Drug dosage individualization based on a random-effects linear lodel

Francisco J. Diaz, Myladis R. Cogollo, Edoardo Spina, Vincenza Santoro, Diego M. Rendon, Jose De Leon

Research output: Contribution to journalArticlepeer-review

20 Scopus citations

Abstract

This article investigates drug dosage individualization when the patient population can be described with a random-effects linear model of a continuous pharmacokinetic or pharmacodynamic response. Specifically, we show through both decision-theoretic arguments and simulations that a published clinical algorithm may produce better individualized dosages than some traditional methods of therapeutic drug monitoring. Since empirical evidence suggests that the linear model may adequately describe drugs and patient populations, and linear models are easier to handle than the nonlinear models traditionally used in population pharmacokinetics, our results highlight the potential applicability of linear mixed models to dosage computations and personalized medicine.

Original languageEnglish
Pages (from-to)463-484
Number of pages22
JournalJournal of Biopharmaceutical Statistics
Volume22
Issue number3
DOIs
StatePublished - May 1 2012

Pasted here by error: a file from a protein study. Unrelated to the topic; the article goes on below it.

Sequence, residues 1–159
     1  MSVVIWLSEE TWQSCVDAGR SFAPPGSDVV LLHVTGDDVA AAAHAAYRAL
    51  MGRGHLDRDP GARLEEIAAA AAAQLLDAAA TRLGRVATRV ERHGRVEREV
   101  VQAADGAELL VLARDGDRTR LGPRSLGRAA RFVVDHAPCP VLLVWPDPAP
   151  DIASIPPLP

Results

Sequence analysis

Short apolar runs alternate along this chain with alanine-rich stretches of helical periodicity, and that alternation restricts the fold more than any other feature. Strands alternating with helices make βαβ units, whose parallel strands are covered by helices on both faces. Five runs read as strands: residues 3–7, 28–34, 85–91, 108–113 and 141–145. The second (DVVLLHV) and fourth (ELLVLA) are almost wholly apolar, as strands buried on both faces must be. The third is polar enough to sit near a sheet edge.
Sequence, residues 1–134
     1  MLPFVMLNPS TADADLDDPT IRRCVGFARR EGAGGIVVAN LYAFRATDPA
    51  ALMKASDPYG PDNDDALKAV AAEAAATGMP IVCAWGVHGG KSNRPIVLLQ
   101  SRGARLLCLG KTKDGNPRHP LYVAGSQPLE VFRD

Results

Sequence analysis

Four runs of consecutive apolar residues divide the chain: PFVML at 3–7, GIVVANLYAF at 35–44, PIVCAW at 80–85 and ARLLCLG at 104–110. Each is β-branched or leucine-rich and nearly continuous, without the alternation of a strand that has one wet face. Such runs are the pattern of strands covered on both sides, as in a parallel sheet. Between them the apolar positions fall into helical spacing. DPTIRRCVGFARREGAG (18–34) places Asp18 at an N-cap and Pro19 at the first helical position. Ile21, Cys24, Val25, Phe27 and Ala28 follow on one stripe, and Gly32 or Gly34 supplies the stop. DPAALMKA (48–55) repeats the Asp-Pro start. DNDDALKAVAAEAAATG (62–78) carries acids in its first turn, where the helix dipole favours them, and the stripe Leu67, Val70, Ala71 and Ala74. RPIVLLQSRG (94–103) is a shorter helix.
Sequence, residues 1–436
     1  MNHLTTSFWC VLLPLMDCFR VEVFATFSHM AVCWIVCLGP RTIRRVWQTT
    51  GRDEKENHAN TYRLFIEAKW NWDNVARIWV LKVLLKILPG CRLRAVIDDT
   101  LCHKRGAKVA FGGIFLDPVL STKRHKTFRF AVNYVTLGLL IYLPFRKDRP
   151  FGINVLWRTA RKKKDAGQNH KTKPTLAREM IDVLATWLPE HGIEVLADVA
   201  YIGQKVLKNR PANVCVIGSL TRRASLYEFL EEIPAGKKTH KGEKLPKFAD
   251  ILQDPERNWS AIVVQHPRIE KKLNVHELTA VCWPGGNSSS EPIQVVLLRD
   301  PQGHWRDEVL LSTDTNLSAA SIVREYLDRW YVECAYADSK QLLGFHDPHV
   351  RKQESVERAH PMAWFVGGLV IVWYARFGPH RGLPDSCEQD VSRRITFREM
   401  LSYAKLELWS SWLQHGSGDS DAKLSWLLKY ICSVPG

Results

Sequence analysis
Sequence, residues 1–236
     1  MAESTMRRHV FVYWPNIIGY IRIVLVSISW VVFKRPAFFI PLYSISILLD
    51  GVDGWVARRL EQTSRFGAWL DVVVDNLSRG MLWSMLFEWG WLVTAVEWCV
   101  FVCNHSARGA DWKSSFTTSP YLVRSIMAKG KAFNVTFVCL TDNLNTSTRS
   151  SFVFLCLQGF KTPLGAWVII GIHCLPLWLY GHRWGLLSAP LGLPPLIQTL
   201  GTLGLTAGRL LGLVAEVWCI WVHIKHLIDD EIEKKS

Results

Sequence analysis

Bibliographical note

Funding Information:
The clozapine study described in this article was conducted at the Department of Clinical and Experimental Medicine and Pharmacology, University of Messina, and IRCCS Centro Neurolesi “Bonino-Pulejo,” Messina, Italy. In 1997, Dr. de Leon lectured once supported by Novartis. In the year since January 11, 2009 he has taken part in a National Institutes of Health (NIH) grant in collaboration with Genomas. He has never been a consultant for a pharmaceutical or pharmacogenetic company. M. R. Cogollo was partially supported by the grant “Apoyo a Estudiantes Sobresalientes de Posgrado” from the Universidad Nacional, Colombia. Dr. Diaz was partially supported by the “Vicedecanatura de Investigación” of the Faculty of Sciences of the Universidad Nacional, Medellin. Dr. Diaz’s involvement in this work lasted 421 years; the first 3 years were at the Universidad Nacional, Medellin, Colombia, and the remaining 121 years at the University of Kansas, Kansas City, KS. In the last year, Dr. Spina has lectured supported by Eli Lilly, Janssen, AstraZeneca, and Bristol-Myers Squibb. Lorraine Maw, MA, helped edit the article.

Keywords

  • Bayes' theorem
  • Bayesian feedback
  • Clozapine
  • Decision theory
  • Drug dosage individualization
  • Personalized medicine
  • Population pharmacokinetics
  • Random-effects linear models
  • Therapeutic drug monitoring
  • Therapeutic window

ASJC Scopus subject areas

  • Statistics and Probability
  • Pharmacology
  • Pharmacology (medical)

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